After Garrett McIntyre's breakout performance against the Steelers in which he recorded two sacks, I would not be surprised to see the Jets line him up over Martin to see how much havoc he can cause on first and second downs.
If the Jets can get pressure on Tannehill without blitzing, it is going to be a long day for the rookie quarterback through the air.
Yes, that's right—despite growing cries for Tebow, it makes little sense for the Jets to use much of their Wildcat package in this game, as fun as it would be to give the Dolphins a taste of their own medicine.
The Dolphins front seven is much more stout than given credit for, with players like Paul Soliai, Randy Starks and Karlos Dansby leading a quality run defense. Running their heads into a wall without threatening a secondary that is without Vontae Davis makes little sense.
Many of the Dolphins defenders have a good idea of how to defend after playing under Tony Sparano.
Now, running the Wildcat on a goal-line or short-yardage play makes sense, simply because it allows the Jets to block with 10 players. Otherwise, unless Sanchez and the base offense are completely inept, the Wildcat should be saved for when the Jets really need it.
Spread out the Dolphins
While the dropoff from Vontae Davis to Richard Marshall may not be too dramatic, the loss of Davis hurts their depth in the secondary more than anything else.
The Jets would be wise to spread the ball out and use Sanchez in quick, three-step drops to neutralize the Dolphins pass-rush. The Jets utilized this strategy against a deeper Bills defense with great success.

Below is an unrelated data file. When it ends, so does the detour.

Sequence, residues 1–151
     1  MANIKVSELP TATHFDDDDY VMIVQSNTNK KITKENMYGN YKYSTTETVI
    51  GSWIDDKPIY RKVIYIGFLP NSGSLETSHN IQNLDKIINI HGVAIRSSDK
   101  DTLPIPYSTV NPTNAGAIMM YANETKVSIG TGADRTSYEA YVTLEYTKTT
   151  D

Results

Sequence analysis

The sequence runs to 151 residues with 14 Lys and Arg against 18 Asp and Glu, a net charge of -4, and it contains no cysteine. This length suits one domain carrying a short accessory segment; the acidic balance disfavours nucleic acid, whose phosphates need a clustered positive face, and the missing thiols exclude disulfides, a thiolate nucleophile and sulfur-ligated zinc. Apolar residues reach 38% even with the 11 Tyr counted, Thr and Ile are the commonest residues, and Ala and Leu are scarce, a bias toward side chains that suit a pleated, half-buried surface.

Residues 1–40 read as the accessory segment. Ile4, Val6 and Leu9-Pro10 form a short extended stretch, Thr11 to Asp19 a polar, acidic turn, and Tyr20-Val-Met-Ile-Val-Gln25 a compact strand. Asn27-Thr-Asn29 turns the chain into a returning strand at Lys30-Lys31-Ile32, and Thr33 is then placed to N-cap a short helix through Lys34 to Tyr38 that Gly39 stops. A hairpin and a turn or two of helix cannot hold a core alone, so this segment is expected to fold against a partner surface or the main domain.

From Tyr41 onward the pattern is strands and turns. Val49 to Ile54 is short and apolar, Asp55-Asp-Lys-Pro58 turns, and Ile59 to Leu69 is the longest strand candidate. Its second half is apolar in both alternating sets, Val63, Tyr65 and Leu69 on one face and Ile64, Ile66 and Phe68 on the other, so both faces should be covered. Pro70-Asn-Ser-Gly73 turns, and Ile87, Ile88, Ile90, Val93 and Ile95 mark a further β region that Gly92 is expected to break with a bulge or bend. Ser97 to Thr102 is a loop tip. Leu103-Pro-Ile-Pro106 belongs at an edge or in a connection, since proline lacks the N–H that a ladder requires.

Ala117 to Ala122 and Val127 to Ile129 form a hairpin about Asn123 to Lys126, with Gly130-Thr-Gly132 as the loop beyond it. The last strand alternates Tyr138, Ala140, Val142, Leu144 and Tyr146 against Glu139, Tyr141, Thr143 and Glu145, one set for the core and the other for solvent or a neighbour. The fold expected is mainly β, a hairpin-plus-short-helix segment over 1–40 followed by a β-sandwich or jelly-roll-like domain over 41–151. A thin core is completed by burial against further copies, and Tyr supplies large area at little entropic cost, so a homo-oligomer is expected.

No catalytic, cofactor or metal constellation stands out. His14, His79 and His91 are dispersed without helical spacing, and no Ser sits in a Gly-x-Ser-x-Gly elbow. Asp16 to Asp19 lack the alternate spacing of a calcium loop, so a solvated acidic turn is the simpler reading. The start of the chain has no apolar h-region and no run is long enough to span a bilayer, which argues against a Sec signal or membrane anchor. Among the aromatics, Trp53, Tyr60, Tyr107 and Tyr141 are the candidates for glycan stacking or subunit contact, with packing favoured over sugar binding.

If the Jets can get the ball to Jeremy Kerley and Dustin Keller early on, it will force the Dolphins safeties to respect the interior threat, which will open things up for Holmes and Hill on the outside.
Use Joe McKnight
The loss of Dustin Keller last week certainly limited the Jets passing game, but not having a viable receiving option out of the backfield had a big effect on the game as well.
Without having to worry about a Darren Sproles-type coming out of the backfield, safeties and linebackers do not need to worry about covering the whole field.
Using McKnight would spread out the Dolphins defense, opening up things for Dustin Keller and creating more single-high safety looks. The fewer safeties the Dolphins can use on the back end of their defense.
With only one safety back in coverage, Stephen Hill could win one or two jump balls to give the Jets just enough big plays to pull out a win.
Block Cameron Wake
Cameron Wake has always given the Jets headaches, and given the Jets' evident protection issues last week, he is set up to continue that trend on Sunday.